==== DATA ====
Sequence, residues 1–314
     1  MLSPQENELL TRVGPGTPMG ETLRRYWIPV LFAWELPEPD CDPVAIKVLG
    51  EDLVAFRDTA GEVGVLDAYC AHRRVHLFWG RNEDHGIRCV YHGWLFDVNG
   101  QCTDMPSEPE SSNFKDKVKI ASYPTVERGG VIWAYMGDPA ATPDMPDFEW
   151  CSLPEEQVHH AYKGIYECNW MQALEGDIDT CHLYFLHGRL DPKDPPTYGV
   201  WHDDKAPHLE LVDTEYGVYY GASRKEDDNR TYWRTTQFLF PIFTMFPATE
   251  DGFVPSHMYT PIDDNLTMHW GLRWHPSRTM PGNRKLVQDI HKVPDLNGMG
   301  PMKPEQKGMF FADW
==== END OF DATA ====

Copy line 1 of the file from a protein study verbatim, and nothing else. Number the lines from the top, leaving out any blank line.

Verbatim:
Sequence, residues 1–314